In the Media
Will machines take over mental health care?
Artificial intelligence has a lot to offer to patients struggling with their mental health, but experts say we shouldn’t expect it to replace humans. Dr. Claire Gillan discusses technology and big data with Dana Najjar
Researchers hope to improve the current trial and error approach by devising algorithm based on a person’s cognitive characteristics
Online test aims to predict best antidepressants for individual patients
For decades, the American Psychiatric Association’s Diagnostic and Statistical Manual of Mental Disorders (DSM), with its universal set of standards, has been widely considered the best tool for classifying and diagnosing mental illness. But medical psychiatry may be overdue for a biological revolution. In this Aeon interview, t Claire Gillan describes breakthroughs in brain science that suggest mental illnesses should be reclassified and explains how brain-scanning technologies that investigate the underlying biology could lead to more effective mental health therapies.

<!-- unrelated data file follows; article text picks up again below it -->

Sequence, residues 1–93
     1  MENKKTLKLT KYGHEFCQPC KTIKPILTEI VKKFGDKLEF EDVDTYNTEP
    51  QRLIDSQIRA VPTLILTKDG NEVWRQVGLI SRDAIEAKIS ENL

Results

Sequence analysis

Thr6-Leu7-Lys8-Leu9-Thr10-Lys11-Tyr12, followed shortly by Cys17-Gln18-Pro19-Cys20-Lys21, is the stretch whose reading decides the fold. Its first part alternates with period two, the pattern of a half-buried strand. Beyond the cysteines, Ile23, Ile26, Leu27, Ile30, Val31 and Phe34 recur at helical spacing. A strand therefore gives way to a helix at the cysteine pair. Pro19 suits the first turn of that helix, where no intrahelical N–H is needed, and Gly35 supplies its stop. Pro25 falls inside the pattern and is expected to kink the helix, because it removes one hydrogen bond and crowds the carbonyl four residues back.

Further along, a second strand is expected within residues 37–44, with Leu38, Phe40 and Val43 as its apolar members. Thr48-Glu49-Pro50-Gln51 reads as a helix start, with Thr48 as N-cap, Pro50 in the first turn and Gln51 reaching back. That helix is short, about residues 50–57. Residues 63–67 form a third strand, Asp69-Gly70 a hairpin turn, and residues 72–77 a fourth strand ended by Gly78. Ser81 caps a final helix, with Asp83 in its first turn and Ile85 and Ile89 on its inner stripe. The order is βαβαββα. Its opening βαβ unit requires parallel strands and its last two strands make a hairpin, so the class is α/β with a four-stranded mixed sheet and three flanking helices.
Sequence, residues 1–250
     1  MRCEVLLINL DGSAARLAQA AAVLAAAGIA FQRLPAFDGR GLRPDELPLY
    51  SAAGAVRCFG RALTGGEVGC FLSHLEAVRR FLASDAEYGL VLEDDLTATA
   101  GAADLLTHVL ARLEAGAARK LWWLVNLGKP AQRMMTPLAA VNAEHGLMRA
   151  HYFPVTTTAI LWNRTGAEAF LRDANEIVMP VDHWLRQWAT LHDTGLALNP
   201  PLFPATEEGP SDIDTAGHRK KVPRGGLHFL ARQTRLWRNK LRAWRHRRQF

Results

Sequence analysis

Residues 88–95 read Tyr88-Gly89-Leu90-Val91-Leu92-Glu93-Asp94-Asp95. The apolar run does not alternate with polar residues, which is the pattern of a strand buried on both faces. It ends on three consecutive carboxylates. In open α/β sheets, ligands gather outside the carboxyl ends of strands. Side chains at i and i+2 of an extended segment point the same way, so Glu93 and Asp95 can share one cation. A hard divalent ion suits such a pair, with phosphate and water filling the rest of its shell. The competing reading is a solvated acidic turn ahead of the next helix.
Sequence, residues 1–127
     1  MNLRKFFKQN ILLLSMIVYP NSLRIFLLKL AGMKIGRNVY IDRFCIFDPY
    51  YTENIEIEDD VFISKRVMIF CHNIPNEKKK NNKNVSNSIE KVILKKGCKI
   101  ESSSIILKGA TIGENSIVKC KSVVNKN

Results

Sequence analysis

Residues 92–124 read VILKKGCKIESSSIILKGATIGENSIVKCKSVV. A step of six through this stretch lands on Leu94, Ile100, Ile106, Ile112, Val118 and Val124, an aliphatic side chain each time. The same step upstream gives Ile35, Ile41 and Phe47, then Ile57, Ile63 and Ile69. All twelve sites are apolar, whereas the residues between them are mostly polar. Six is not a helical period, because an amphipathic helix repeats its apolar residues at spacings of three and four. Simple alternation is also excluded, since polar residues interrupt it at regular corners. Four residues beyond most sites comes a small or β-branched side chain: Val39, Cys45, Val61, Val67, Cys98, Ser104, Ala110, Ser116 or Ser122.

Psychiatry is due for a revolution in diagnosis and treatment through brain science
Considering psychological traits as existing on a spectrum could advance research into the causes of mental health conditions and perhaps ultimately diagnosis and treatment.
Taking mental health research to a new dimension
But I am also certain they made my mental illness much worse too. It has taken just under two years from my first very dark thoughts to me feeling sane and — largely — back in control of my mind. That’s not merely because it takes time to heal, but because it took at least six months for the doctors to work out what pills to give me. Isabel Hardman discusses her own journey with mental health in terms of the effect our study could have on prediction and treatment
Antidepressants saved my life, I am sure of that
Dr Claire Gillan, Assistant Professor, TCD, and MQ Postdoctoral Fellow, who is seeking GPs as research partners, talk to Valerie Ryan about creating an internetbased tool which could predict how effective antidepressants will be for different individuals
Online tool helps predict
effects of antidepressants
Psychiatrists are looking to sophisticated computational tools that may be able to disentangle the intricacies of mental illness and improve treatment decisions